UK Health Secretary resigns after breaking social distancing rules by kissing colleague in affair

He is reportedly planning to move in with his colleague.

Matthias Ang | June 30, 2021, 03:23 PM

The UK Health Secretary, Matt Hancock, has resigned from his position after he breached Covid-19 social distancing guidelines by kissing a colleague whom he was having an affair with, the BBC reported.

MPs demand for him to be fired after scandal breaks in The Sun

The incident was first revealed by British tabloid The Sun which published CCTV footage of Hancock kissing Gina Coladangelo within his office at Whitehall on May 6.

At that time, social distancing rules included a ban on hugging. Indoor meetings between members of different households were also forbidden, The Guardian reported.

Calls for Hancock to be fired subsequently emerged from MPs within his own party, the Tories, as well as the opposition Labour Party and a pressure group known as the Covid-19 Bereaved Families for Justice UK.

Meanwhile, Coladangelo also left her position as a non-executive director at the UK's Department of Health and Social Care (DHSC).

Hancock: "I understand the enormous sacrifices that everybody in this country has made"

On June 27, Hancock tweeted a video explaining his decision to resign.

He said, "I understand the enormous sacrifices that everybody in country has made... and those of us who make these rules have got to stick by them and that's why I've got to resign."

Hancock also highlighted that he was extremely proud of the work that had been done to help the UK's National Health Service (NHS) deliver "one of the fastest (vaccine rollouts) in the world" and that he looked forward to supporting the government from the back benches.

In his resignation letter addressed to British Prime Minister Boris Johnson, Hancock elaborated that the "last thing he wanted" was for his private life to distract attention from the "single-minded focus" of leading UK out of the Covid-19 crisis.

He also said:

"I want to reiterate my apology for breaking the guidance, and apologise to my family and loved ones for putting them through this. I also need be with my children at this time."

In response, Johnson's office, No. 10, said that the Prime Minister had accepted Hancock's apology and considered the case "closed", with Sajid Javid slated to replace Hancock as Health Secretary.

Javid had previously resigned in February last year from his position as Chancellor, after rejecting Johnson's order to fire his team of aides, according to the BBC.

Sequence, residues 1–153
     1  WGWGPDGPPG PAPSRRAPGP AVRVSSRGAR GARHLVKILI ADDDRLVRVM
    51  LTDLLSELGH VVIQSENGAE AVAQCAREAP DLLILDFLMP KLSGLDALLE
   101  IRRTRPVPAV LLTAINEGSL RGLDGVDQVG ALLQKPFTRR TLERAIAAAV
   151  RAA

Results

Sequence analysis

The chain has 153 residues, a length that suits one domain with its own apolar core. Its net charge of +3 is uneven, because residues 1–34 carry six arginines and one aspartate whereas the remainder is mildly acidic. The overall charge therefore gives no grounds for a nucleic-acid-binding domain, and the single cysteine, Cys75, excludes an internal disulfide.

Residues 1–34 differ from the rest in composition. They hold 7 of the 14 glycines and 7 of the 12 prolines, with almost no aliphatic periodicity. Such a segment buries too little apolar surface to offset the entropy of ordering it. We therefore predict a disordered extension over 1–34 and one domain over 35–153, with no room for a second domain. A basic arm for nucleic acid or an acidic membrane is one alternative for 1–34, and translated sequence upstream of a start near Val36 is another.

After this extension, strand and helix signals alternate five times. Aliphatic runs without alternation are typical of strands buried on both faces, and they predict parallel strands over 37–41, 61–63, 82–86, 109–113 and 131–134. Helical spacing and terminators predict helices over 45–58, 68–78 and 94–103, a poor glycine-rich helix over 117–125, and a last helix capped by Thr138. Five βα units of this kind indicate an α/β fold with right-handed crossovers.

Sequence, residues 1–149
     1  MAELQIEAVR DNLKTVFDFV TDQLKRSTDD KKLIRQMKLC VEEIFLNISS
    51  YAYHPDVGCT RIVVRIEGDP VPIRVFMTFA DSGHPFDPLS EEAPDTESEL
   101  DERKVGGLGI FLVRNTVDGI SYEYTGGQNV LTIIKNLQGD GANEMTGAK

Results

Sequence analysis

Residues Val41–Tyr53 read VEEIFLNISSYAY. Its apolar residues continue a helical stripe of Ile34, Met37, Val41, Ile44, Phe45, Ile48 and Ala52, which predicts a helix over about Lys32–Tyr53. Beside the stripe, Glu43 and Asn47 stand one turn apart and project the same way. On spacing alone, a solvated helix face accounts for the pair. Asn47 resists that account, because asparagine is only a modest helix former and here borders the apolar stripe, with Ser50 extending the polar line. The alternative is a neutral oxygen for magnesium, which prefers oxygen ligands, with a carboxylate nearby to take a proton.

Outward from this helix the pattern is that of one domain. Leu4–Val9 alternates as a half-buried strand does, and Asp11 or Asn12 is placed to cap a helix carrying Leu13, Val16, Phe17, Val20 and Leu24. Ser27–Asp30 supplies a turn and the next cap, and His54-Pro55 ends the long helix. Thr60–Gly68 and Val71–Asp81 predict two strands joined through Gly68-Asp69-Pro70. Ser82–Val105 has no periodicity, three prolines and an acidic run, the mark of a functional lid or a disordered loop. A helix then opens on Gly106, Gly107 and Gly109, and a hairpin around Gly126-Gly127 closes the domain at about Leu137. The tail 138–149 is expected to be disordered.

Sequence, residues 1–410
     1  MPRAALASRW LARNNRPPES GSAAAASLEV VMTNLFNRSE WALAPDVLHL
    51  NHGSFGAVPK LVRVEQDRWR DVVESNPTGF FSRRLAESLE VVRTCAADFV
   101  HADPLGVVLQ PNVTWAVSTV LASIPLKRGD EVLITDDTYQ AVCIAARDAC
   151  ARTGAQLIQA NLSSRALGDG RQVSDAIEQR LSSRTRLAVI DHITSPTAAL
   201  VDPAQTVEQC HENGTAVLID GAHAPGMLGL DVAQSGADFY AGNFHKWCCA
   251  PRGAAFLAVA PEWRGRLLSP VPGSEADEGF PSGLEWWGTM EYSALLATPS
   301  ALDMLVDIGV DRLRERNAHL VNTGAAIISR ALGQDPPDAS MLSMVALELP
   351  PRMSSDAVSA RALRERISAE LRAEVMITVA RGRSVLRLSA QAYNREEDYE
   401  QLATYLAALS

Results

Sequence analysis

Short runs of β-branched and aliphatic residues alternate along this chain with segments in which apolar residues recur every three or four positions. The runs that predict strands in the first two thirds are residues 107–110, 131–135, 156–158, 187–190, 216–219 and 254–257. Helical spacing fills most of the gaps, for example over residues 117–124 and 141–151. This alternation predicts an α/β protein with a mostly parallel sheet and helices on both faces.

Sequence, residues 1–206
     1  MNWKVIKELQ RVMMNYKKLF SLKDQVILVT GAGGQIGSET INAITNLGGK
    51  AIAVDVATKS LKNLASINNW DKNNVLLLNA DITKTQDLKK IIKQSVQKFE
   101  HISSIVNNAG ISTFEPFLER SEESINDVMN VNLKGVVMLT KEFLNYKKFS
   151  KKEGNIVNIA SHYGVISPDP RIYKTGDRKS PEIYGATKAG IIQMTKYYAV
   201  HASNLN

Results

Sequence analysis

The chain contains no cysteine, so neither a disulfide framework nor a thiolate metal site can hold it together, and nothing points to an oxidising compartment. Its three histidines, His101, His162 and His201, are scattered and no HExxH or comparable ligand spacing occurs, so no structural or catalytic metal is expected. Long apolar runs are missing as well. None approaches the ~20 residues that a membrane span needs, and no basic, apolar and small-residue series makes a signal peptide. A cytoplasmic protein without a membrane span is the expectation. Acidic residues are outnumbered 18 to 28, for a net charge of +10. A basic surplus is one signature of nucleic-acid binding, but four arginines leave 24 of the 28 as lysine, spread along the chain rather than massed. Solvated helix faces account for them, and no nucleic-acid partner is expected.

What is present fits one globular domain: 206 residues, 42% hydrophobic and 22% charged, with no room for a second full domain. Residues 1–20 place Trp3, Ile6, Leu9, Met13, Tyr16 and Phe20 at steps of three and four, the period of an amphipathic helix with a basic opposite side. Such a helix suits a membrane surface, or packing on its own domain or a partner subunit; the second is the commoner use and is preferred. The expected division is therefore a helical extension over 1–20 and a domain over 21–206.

When asked why Hancock had not been fired, Johnson was quoted as saying, "I read the story on Friday (June 26) and by Saturday (June 27) we had a new health secretary."

Hancock reportedly planning to move in with Coladangelo

The Independent reported that Hancock has since left his wife of 15 years for Coladangelo, who is also married.

Both of them have three children each in their own marriages.

According to The Guardian, both Hancock and Coladangelo reportedly plan to move in together.

Questions had previously been raised about Coladangelo's appointment as a non-executive director in November 2020, given that she had initially joined the department as an unpaid advisor on a six-month contract.

Claims of a "chumocracy" were also made when it was revealed that she had accompanied Hancock to confidential meetings and visited the Prime Minister's office and residence at No. 10.

There was also no public record of her appointment.

However, a spokesperson for No. 10 stated that the "correct procedure" for her appointment was followed, without giving more details.

Leak of CCTV footage to The Sun to be investigated

Separately, the Department of Health and Social Care said that it will launch an internal investigation into how footage from within a government building was leaked to the media, The Independent reported.

The Northern Ireland Secretary, Brandon Lewis, added that it was important to "get to the bottom" of the matter, given the "sensitive and important" work occurring in government offices.

Jeremy Hunt, Hancock's predecessor was quoted by the BBC as saying:

"It is completely unacceptable from a security point of view that minsters are being filmed from inside their own offices without their knowledge, and so there will be issues that our intelligence agencies will want to look at very, very carefully.

But there's also another issue which is that ministers do need to have the ability to have frank, private conversations with their senior officials to debate things so that they can understand issues, and know that those conversations will remain private."

For its part, The Sun said that it received the images from a concerned whistleblower within the government.

Top image via Matt Hancock Facebook